It won’t prevent teens from later becoming smokers. But some health experts say that focusing on the risk of addicting new smokers cuts off a chance to help adults quit.

In the 1970s, a company called Swedish Match started advertising snus to Swedish men. Snus wasnt a new product; the pouches of tobacco that users tuck into their cheeks or lips, where they slowly release nicotine, had been around since the 17th century. But snus had fallen out of fashion and been replaced by combustible cigarettes.
At the time, Sweden, like many other countries, had a smoking problem. Forty percent of men smoked. But as sales of snus picked up, smoking rates plummeted. By the year 2000, Sweden was the only industrialized nation to achieve the World Health Organizations goal of reducing adult smoking to less than 20 percent.
Snus is a great example of a theory called harm reduction which argues that, rather than promoting public health policies that completely eliminate tobacco, addicted users should have access to products that give them the nicotine they crave, but that drastically reduce the health risks posed by cigarettes. Snus delivers a kick of nicotine, but releases chemicals without the dangers of combustion and tar, some of the major contributors to lung cancer.
Sound familiar? When e-cigarettes (also known as vapes) appeared in the mid-2000s, some researchers in the tobacco control community thought young smokers in the US might make a similar choice, causing overall smoking rates to decline. E-cigarettes create an aerosol by heating a nicotine-containing fluid. That aerosol can be inhaled and exhaled like the smoke from a regular cigarette, but it doesnt contain the tar and many of the toxic chemicals that tobacco smoke does. While research suggests that these devices have their own dangers, including reducing the lungs ability to fight infections, a big cause for concern during the Covid-19 pandemic. But even with their risks, e-cigarette supporters believed these products could present a safer alternative to combustible cigarettes, just as snus did for the Swedes back in the 1970s and 80s. People were hoping that would happen here, says John Pierce, a professor at UC San Diego who researchers cancer and tobacco.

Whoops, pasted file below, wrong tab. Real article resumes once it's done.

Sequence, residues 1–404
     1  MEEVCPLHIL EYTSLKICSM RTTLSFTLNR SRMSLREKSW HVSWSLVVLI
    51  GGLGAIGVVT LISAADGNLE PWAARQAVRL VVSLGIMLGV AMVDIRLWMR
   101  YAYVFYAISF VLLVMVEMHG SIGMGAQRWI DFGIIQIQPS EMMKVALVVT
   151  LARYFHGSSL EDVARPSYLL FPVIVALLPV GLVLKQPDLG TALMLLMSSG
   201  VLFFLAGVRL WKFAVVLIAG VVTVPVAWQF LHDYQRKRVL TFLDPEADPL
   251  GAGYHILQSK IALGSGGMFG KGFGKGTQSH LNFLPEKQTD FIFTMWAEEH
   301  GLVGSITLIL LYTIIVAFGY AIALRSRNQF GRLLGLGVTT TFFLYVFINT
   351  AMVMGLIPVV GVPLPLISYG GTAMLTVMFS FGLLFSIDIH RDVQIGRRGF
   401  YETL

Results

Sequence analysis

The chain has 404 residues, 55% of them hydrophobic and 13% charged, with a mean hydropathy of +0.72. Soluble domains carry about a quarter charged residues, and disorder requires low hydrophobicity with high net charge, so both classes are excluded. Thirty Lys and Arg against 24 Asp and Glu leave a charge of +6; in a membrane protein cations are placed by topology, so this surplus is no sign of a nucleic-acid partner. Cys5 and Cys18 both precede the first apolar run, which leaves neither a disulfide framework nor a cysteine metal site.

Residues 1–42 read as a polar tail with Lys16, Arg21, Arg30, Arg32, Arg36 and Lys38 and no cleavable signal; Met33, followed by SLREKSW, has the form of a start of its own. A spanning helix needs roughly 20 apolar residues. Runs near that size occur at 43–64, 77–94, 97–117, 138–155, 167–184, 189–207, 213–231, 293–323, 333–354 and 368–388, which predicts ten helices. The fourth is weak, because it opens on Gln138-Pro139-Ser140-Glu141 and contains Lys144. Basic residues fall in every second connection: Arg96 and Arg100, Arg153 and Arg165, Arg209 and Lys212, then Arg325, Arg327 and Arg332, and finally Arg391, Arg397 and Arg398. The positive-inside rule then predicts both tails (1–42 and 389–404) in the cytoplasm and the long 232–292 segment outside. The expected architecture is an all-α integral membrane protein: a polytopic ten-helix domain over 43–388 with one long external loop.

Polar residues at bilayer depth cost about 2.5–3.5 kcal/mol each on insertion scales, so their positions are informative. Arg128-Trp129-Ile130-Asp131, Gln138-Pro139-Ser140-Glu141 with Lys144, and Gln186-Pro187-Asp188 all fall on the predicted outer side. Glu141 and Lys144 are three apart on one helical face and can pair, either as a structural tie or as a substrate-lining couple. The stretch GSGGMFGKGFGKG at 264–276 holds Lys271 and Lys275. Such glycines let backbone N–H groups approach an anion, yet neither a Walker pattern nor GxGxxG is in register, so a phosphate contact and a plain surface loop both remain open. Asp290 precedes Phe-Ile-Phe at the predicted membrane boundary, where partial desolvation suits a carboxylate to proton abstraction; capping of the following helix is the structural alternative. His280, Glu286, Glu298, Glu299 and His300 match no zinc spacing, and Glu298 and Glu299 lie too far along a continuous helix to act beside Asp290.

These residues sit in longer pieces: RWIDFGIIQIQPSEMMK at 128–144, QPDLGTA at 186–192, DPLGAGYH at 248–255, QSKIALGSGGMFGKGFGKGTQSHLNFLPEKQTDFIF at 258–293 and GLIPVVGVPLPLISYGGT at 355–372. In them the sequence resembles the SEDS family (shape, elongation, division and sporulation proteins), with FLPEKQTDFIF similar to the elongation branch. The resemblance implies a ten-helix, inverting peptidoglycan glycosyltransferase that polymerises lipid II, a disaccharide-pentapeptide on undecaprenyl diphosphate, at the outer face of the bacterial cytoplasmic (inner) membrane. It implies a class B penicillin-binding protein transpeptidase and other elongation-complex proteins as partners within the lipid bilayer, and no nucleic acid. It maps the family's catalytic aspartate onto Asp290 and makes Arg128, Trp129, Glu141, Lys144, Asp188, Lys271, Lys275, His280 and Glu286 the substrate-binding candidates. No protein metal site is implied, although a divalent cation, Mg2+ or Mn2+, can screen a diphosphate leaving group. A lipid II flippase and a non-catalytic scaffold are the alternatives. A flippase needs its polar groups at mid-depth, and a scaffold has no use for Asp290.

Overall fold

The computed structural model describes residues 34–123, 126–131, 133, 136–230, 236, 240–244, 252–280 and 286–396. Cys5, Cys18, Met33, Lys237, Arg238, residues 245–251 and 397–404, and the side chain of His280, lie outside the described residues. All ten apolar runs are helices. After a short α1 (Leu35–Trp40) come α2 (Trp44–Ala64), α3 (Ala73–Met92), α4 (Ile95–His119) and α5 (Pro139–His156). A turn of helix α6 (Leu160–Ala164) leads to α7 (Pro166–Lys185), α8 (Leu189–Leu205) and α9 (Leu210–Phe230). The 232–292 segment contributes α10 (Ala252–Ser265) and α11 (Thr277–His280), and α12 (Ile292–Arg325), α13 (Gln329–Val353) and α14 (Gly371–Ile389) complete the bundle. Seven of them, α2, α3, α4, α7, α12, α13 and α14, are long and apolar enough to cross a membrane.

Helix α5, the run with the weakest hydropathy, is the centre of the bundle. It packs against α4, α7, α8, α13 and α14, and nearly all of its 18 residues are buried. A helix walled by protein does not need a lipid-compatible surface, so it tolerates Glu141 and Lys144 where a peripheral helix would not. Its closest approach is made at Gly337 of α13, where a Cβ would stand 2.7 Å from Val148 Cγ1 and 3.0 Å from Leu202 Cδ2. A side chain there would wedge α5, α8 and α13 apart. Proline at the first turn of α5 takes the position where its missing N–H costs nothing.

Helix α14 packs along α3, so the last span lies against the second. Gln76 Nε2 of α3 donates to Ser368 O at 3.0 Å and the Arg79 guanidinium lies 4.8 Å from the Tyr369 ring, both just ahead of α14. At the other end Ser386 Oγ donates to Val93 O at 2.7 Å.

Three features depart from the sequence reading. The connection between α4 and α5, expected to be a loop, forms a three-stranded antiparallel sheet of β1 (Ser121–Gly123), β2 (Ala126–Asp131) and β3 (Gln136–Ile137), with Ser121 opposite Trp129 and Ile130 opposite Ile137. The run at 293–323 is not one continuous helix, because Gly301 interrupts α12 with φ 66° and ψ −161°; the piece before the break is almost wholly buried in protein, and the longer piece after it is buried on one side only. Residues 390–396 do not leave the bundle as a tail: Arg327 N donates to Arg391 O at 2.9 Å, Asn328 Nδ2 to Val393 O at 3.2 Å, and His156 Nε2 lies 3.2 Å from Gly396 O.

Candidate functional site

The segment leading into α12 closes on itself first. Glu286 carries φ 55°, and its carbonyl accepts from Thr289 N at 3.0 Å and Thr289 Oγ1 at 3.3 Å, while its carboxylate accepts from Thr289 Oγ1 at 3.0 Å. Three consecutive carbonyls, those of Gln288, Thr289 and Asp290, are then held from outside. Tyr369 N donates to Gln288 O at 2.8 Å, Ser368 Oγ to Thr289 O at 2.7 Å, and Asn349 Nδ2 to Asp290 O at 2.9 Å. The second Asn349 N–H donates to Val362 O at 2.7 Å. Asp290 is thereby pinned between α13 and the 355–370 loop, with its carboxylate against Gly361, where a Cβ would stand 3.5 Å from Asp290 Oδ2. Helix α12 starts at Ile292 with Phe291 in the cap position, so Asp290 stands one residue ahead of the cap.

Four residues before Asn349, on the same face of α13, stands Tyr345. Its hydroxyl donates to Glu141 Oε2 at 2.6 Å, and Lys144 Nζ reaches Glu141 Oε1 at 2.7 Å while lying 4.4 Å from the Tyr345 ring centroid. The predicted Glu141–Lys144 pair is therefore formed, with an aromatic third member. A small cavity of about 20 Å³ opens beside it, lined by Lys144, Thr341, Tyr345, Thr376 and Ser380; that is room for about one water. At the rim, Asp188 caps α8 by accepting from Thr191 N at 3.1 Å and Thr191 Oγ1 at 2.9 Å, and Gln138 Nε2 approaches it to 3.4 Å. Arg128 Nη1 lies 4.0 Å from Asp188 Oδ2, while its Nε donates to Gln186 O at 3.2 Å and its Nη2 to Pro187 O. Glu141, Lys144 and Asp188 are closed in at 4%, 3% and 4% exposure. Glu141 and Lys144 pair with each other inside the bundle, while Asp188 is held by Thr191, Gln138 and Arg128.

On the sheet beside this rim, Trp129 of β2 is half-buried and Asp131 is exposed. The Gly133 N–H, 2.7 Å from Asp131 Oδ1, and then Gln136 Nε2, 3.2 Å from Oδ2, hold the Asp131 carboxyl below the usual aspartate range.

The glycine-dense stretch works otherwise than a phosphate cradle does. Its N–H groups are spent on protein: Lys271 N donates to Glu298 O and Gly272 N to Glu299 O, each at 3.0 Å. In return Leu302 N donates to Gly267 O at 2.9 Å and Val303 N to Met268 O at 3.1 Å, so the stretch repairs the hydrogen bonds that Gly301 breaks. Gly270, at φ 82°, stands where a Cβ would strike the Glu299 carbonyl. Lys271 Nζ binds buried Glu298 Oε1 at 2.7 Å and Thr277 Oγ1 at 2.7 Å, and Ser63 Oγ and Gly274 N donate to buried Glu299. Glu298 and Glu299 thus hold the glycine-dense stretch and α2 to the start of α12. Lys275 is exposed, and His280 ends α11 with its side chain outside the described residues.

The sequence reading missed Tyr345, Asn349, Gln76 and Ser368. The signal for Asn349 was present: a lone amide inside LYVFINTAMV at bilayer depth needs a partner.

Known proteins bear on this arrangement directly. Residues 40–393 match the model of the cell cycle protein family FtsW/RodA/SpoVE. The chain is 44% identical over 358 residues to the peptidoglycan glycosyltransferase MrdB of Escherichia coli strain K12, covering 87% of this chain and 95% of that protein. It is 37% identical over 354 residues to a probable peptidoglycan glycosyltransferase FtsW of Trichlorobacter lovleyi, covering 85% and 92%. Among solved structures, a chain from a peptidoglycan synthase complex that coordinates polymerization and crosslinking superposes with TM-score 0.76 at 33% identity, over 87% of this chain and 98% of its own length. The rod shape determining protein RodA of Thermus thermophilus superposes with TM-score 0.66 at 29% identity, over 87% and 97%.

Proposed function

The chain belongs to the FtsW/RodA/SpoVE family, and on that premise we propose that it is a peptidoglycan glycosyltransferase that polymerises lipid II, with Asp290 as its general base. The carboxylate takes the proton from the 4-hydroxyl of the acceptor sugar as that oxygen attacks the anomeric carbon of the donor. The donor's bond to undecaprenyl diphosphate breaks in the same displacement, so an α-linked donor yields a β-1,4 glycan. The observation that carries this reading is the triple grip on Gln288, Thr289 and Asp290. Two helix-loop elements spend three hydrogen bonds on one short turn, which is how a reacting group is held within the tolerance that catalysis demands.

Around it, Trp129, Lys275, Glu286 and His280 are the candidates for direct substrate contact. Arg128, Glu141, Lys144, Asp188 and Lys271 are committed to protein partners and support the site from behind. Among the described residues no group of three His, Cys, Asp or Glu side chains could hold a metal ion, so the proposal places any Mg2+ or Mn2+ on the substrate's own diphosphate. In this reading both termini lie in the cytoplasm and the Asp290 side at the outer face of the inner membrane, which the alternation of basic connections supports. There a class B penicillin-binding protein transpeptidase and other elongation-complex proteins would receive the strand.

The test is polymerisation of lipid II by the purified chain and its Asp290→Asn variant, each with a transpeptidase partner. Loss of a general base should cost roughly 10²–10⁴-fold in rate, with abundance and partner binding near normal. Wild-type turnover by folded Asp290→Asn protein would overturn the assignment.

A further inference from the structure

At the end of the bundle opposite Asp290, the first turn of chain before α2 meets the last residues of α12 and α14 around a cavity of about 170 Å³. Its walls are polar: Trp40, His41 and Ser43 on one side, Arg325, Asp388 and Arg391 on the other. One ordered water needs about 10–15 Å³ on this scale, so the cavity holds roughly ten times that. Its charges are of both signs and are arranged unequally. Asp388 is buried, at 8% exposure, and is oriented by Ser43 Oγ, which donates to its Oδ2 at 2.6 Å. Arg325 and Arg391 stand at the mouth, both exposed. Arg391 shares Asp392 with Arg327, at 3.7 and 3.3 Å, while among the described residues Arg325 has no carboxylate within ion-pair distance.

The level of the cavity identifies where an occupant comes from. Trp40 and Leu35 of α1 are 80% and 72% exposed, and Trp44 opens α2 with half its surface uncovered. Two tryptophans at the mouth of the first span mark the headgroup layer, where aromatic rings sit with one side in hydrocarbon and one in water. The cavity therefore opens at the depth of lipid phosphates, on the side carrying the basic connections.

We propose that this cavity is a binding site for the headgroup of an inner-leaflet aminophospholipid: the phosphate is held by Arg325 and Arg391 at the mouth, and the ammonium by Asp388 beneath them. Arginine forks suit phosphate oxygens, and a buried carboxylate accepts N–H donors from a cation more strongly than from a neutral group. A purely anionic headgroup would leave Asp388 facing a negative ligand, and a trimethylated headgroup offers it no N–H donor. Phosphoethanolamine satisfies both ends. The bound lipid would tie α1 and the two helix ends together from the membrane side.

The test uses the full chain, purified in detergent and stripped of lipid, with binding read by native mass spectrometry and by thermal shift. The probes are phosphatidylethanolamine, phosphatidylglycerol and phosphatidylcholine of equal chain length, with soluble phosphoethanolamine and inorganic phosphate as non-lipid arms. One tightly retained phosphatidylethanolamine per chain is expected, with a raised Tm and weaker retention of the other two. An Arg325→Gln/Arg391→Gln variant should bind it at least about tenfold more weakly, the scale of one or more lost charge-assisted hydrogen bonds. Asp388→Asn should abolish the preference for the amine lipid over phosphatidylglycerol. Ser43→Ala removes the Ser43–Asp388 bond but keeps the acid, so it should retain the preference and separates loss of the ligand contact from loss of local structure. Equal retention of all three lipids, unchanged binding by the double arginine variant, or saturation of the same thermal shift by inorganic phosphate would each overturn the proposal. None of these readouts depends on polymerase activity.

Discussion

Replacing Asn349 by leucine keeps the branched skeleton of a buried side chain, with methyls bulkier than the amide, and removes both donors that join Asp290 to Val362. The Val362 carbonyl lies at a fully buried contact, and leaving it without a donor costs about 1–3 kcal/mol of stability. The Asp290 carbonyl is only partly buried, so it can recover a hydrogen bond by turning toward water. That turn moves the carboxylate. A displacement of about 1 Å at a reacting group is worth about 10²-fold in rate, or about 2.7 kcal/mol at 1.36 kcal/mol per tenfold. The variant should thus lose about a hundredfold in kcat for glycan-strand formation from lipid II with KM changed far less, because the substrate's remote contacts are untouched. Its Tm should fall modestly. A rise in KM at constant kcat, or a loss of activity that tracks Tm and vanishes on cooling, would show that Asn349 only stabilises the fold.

But in a paper published in Pediatrics this month, Pierce and his colleagues show that isnt happening after all. Instead, young people who experiment with e-cigarettes are three times more likely than ones who have never tried vaping to become daily cigarette smokers a few years later. And the more tobacco products young people experiment with, the greater that likelihood becomes. We havent had this harm reduction thing, Pierce says.
Pierces team analyzed data from the US Population Assessment of Tobacco and Health (PATH) study, a survey of nearly 50,000 Americans conducted annually by the National Institutes of Health and the Food and Drug Administration. They looked specifically at people ages 12 to 24 and tracked their responses over the four years between 2013 and 2017, following their use of tobacco products and their progression from occasional experimenters to daily users.
They found that just over 60 percent of respondents in this age group tried a tobacco product at some point and that 30 percent experimented with multiple products like e-cigarettes, hookahs, and cigarillos. Of all the young people in the study, those who experimented with many different products were 15 percentage points more likely to become daily cigarette smokers than those who had only tried one kind of tobacco product. And teenagers who experimented with e-cigarettes before age 18 were more likely to become daily smokers than those who tried vaping later in life. In other words, the theory that this new product would dissuade young people from using cigarettes didnt hold up.